Kyoto Journal Issue 99: Travel, Revisited (Digital)
(US$5) NEW Kyoto Journal’s 99th issue on travel
Find reading instructions here.
This digital issue of Kyoto Journal looks at the phenomenon of travel, whether as a pursuit of a deeper understanding of the world’s diversity, as a plunge into the unknown, or a deliberate immersion in a known unknown. We also wanted to reconsider how travel is reported or discussed in travelogues or online, and to re-imagine post-COVID travel. Will new technology enabling virtual sightseeing satisfy a new generation of armchair travelers, or will a surge in domestic tourism be matched by a flowering of local cultures celebrating uniqueness in crafts, cuisine, local history and heritage, interpreted by truly local guides?
In visually-rich KJ 99, Nigel Triffit questions how we engage with those whose lives we enter by happenstance when travelling; Jeff Fuchs and Robert van Koesveld commend guides who have helped them more deeply appreciate otherwise inaccessible surroundings, Elliot and Miyu Rowe bike across the planet, poet Luo Ying and Scott Ezell reach physical extremes on foot, while Pico Iyer, Kimberly Hughes, Prairie Stuart-Wolff, Edward J. Taylor, Chuck Kohalyk, Mormei Zanke and Robert Weis explore “domestically” within Japan. Joji Sakurai reminds us that virtual travel may be experienced through a printed page, as well as a headset, Yahia Lababidi surveys spiritual landscapes, and Yoshida Hatsusaburo maps birds’-eye views. Winifred Bird bows to Kyoto’s gastronomical shrine to bamboo shoots; Bernhard Kellerman, fresh off the boat, is smitten by his first Japanese teahouse in 1910 Maizuru, and Hans Brinckmann heads off-trail in early 1950s Wakayama. Natalie Goldberg goes in search of haikuist/painter Buson: Siddharth Dasgupta rambles through old Bombay, where “tea stirs memory”; John Brandi and Renée Gregorio take the Shatabdi Express to Agra, and readers share travel stories from Korea, Cambodia, Shiga and Taiwan.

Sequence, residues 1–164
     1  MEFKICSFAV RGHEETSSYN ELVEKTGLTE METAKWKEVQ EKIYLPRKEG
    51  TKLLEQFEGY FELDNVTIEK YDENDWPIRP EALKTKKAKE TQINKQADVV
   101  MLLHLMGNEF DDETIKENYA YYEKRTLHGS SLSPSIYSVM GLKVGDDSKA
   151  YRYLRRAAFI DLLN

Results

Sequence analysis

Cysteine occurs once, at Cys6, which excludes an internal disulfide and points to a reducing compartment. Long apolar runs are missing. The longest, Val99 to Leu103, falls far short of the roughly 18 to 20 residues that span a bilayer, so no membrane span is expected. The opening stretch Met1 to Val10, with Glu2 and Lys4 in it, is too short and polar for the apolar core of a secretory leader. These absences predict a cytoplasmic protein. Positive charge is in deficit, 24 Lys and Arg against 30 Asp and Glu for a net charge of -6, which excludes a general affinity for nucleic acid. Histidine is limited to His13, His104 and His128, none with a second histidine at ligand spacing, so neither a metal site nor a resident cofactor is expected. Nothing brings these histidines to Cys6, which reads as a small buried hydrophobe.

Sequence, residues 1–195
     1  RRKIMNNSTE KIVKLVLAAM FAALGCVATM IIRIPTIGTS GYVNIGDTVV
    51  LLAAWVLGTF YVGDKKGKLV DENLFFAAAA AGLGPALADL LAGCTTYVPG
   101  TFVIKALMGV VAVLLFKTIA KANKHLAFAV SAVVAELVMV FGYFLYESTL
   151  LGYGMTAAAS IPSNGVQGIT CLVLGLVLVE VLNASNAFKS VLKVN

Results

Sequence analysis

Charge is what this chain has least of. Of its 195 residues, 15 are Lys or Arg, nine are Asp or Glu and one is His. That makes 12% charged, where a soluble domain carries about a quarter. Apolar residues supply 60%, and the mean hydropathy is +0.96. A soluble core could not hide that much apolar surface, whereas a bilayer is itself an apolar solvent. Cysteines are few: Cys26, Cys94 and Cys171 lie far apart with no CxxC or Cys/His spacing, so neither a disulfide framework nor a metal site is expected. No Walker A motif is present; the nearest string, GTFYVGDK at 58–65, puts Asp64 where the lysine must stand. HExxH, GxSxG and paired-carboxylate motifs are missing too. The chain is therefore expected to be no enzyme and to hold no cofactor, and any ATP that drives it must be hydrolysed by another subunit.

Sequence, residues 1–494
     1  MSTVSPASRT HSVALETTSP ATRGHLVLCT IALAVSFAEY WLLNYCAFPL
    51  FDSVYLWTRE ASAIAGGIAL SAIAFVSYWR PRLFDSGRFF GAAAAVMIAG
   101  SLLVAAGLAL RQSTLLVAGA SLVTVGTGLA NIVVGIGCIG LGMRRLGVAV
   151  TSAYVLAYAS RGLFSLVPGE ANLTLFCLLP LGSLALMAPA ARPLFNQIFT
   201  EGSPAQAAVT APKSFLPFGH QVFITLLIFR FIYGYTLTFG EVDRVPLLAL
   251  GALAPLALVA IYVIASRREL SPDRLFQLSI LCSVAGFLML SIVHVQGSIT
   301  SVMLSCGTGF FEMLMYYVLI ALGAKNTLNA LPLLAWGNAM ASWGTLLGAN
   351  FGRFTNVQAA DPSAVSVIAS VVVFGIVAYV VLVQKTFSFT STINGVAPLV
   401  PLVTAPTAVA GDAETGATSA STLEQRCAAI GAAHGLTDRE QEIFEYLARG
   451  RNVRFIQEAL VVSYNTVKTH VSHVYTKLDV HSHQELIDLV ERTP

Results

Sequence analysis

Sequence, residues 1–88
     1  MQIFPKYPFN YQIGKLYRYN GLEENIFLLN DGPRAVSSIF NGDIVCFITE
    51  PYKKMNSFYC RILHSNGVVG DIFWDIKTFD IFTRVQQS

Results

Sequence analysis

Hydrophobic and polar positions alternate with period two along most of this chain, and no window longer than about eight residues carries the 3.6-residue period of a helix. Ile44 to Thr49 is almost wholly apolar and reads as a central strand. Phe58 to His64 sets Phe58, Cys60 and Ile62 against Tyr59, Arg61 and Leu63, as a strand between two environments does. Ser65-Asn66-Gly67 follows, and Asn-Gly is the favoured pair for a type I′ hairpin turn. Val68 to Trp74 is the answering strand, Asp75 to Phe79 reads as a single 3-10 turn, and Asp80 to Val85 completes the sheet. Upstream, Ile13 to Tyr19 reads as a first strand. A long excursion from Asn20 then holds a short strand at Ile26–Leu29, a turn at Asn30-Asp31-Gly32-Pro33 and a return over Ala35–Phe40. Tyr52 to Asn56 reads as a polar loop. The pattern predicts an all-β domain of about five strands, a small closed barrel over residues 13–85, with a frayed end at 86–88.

Also featured: the iconoclastic 1970s manga artist Kuniko Tsurita, veteran Kyoto activist Aileen Smith on Minamata (and the upcoming Hollywood movie of the same name starring Johnny Depp); Roger Pulvers’ ‘The Return of Lafcadio Hearn’ — plus a selection of poetry, and a plethora of reviews. All in all, 218 pages of rediscoveries.
Cover: Pereval Toguz-Tro, between Jalal Abad and Kazarman, Kyrgyzstan by Elliot Rowe
219pp; published Dec, 2020
¥550 (approx US $5)
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